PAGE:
I cannot expect you to understand me without examples, and I must plead your indulgence for their absurdity. A pitcher, a harrow abandoned in a field, a dog in the sun, a neglected cemetery, a cripple, a peasant’s hut-all these can become the vessel of my revelation. Even the distinct image of an absent object, in fact, can acquire the mysterious function of being filled to the brim with this silent but suddenly rising flood of divine sensation.
Recently, for instance, I hofmaannsthal given the order for a copious supply of rat-poison to be scattered in the milk cellars of one of my dairy-farms. Towards evening I had gone off for a ride and, as you can imagine, thought no more about it. As I was trotting along over the freshly-ploughed land, nothing more alarming in sight than a scared covey of quail and, in the distance, the great sun chanddos over the undulating fields, there suddenly loomed up before me the vision of that cellar, resounding with the death-struggle of a mob of rats.
I felt everything within me: But why hpfmannsthal again for words which I have foresworn! I assure you, my friend, I carried this vision broef me, and the vision of burning Carthage, too; but there was more, something more divine, more bestial; and it was the Present, the fullest, most exalted Present.
There was a mother, surrounded by her young in their agony of death; but her gaze was cast neither toward the dying nor upon the merciless walls of stone, but into the void, or through the void into Infinity, accompanying this gaze with a gnashing of teeth!
Forgive this description, but do not think that it was pity I felt. For if you did, my example would have been poorly chosen. It was far more and far less than pity: What was it that made me want to break into words which, I know, were I to find them, would force to their knees those cherubim in whom I do not believe?
What made me turn silently away from this place? Even now, after weeks, catching sight of that nut-tree, I pass it by with a shy sidelong glance, for I am loath to dispel the memory of the miracle hovering there round the trunk, loath to scare away the celestial shudders that still linger about the shrubbery in this neighbourhood!
In these moments an insignificant creature-a dog, a rat, a beetle, a crippled apple tree, a lane winding over the hill, a moss-covered stone, mean more to me than the most beautiful, abandoned mistress of the happiest night. These mute and, on occasion, inanimate creatures rise toward me with such an abundance, such a presence of love, that my enchanted eye can find nothing in sight void of life. Even my own heaviness, the general torpor of my brain, seems to acquire a meaning; I experience in and around me a blissful, never-ending interplay, and among the objects playing against one another there is not one into which I cannot flow.
Apart ohfmannsthal these strange occurrences, which, incidentally, I hardly know whether to ascribe to the mind or the body, I live a life of barely believable vacuity, and have difficulties in concealing from my wife this inner stagnation, and uofmannsthal my servants the indifference wherewith I contemplate the affairs of my estates.
I am rebuilding a wing of my house and am capable of conversing occasionally chajdos the architect concerning the progress of his work; I administer my estates, and my tenants and employees may find me, perhaps, somewhat more hofmannsrhal but no less benevolent than of yore. None of them, standing with doffed cap before the door of his house while I ride by of an evening, will have any idea that my glance, which he is wont respectfully to catch, glides with longing over the rickety boards under which he searches for earthworms for fishing-bait; that it plunges through the latticed window into the stuffy chamber where, in chzndos corner, the low bed with its chequered linen seems forever to be waiting for someone to die or another to be born; that my eye lingers long hofmannathal the ugly puppies or upon a cat stealing stealthily among the flower-pots; and that it seeks among all the poor and clumsy objects of a peasant’s life for the one whose insignificant form, whose unnoticed being, whose mute existence, can become the source of that chanos, wordless, and boundless ecstasy.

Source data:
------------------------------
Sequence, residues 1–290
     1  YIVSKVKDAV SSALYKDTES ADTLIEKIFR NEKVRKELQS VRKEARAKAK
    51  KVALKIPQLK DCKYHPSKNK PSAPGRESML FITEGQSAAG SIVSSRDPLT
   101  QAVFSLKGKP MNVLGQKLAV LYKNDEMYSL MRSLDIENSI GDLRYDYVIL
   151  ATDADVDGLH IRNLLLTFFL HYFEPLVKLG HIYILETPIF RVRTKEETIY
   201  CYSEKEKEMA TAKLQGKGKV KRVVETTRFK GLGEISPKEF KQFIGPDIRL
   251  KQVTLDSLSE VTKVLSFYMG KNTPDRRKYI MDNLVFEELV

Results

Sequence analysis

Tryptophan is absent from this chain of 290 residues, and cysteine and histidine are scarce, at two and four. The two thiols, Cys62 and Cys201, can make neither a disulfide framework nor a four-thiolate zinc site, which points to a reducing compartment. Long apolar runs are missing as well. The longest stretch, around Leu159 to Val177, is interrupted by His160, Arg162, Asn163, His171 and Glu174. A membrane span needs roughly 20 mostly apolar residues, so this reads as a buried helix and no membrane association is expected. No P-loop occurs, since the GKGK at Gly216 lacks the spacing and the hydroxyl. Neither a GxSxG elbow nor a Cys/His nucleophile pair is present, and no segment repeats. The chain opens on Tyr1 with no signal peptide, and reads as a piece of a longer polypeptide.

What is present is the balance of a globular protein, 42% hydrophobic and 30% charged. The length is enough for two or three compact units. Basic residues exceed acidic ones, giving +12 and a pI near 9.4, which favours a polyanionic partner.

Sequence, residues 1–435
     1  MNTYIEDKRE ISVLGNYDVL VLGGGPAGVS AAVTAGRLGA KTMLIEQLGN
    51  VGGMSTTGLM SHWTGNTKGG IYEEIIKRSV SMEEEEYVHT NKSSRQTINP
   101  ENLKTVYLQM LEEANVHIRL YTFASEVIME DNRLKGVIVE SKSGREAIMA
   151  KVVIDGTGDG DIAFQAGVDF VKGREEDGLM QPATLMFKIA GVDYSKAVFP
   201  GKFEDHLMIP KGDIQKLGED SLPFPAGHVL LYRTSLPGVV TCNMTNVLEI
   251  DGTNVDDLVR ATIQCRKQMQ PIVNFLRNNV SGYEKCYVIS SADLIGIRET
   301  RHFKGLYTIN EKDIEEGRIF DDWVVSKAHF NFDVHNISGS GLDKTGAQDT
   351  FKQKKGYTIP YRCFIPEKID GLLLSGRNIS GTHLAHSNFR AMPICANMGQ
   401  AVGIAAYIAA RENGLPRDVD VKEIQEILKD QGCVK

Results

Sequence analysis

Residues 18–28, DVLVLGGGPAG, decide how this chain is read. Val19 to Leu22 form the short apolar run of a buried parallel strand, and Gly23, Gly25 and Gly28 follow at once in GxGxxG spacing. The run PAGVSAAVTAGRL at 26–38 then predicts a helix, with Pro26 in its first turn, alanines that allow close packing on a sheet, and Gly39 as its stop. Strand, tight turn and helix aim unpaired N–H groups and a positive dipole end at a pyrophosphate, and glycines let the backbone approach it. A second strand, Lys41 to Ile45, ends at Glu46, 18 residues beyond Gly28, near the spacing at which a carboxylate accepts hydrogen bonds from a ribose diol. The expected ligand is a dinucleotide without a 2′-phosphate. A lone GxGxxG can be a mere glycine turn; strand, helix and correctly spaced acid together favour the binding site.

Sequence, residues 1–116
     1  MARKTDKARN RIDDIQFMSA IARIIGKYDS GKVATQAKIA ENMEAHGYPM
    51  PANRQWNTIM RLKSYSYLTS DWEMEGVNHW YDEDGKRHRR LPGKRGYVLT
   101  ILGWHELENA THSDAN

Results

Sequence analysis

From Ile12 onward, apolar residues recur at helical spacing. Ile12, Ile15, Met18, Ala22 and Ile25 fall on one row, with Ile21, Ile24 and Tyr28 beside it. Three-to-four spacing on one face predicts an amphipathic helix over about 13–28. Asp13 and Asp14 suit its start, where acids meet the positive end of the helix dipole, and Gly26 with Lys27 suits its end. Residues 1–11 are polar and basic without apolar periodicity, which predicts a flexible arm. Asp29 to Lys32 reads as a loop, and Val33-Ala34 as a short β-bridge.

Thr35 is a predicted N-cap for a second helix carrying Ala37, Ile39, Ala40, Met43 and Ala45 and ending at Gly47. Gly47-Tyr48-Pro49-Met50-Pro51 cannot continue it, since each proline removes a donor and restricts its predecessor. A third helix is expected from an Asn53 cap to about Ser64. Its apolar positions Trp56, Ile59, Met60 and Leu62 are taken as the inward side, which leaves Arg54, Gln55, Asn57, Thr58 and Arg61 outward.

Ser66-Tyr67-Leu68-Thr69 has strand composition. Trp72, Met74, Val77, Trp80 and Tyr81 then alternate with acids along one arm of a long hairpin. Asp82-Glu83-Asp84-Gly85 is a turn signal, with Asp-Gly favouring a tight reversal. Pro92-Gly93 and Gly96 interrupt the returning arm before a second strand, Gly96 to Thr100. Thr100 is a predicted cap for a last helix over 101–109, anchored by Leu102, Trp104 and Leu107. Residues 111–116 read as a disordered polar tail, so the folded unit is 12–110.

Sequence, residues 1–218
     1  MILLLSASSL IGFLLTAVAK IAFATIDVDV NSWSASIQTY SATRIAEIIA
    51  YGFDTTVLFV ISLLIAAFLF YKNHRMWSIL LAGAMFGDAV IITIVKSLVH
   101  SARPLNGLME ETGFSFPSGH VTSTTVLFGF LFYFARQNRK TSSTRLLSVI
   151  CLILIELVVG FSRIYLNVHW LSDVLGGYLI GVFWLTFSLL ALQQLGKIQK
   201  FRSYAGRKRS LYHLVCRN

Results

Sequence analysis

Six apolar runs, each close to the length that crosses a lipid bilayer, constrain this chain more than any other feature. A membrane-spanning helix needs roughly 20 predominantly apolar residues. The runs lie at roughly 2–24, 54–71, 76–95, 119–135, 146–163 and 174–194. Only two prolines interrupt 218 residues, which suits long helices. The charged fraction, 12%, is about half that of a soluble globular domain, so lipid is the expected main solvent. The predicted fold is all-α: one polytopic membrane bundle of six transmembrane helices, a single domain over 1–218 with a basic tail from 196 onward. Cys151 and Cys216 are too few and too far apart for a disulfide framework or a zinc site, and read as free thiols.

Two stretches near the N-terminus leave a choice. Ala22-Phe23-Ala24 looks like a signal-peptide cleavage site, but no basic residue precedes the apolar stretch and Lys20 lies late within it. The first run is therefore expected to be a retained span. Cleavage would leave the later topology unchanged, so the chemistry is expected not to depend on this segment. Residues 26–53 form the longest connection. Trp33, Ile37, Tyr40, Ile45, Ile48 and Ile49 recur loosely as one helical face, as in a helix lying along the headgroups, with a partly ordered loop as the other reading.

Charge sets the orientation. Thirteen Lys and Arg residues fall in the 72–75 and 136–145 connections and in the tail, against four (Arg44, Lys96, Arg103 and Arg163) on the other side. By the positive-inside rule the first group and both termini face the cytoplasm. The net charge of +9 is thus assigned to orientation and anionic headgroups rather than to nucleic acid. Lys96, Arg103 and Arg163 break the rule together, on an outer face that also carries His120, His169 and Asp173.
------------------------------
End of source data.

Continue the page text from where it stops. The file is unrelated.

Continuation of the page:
For my unnamed blissful feeling is sooner brought about by a distant lonely shepherd’s fire than by chnados vision of a starry sky, sooner by the chirping of the last dying cricket when the autumn wind chases wintry clouds across the deserted fields than by the majestic booming of an organ.
Briev in my mind I compare myself from time to time with the orator Crassus, of whom it is reported that he grew so excessively enamoured of a tame lamprey-a dumb, apathetic, red-eyed fish in his ornamental pond-that it became the talk of the town; and when one day in the Senate Domitius reproached him for having shed tears over the death of this fish, attempting thereby to make him appear a fool, Crassus answered, “Thus have I done over the death of my fish as you have over the death of neither your first nor your second wife.
I know not how oft this Crassus with his lamprey enters mv mind as a mirrored image of my Self, reflected across the abyss of centuries.
But not on account of the answer he gave Domitius. The answer brought the laughs on his side, and the whole affair turned into a jest. I, however, am deeply affected by the affair, which would have remained the same even had Domitius shed bitter tears of sorrow over his wives. Now and then at night the image of this Crassus is in my brain, like a splinter round which everything festers, throbs, and boils. It is then that I feel as though I myself were about to ferment, to effervesce, to foam and to sparkle.
And the chandoa thing is a kind of feverish thinking, but thinking in a medium more immediate, more liquid, more glowing than words. It, too, forms whirlpools, but of a sort that do not seem to lead, as the whirlpools of language, into the abyss, but into myself and into the deepest womb of peace.
I have troubled you excessively, my dear friend, with this extended description of an inexplicable condition which is wont, as a rule, to remain locked up in me. You were kind enough to express your dissatisfaction btief no book written by me reaches you any more, “to compensate for the loss of our relationship. Fain had I the power to compress in this, presumably my last, letter to Francis Bacon all hofmanntshal love and gratitude, all the unmeasured admiration, which I harbour in my heart for the greatest benefactor of my mind, for the foremost Englishman of my day, and hofmannsthql I shall harbour therein until death break briief asunder.
This 22 August, A.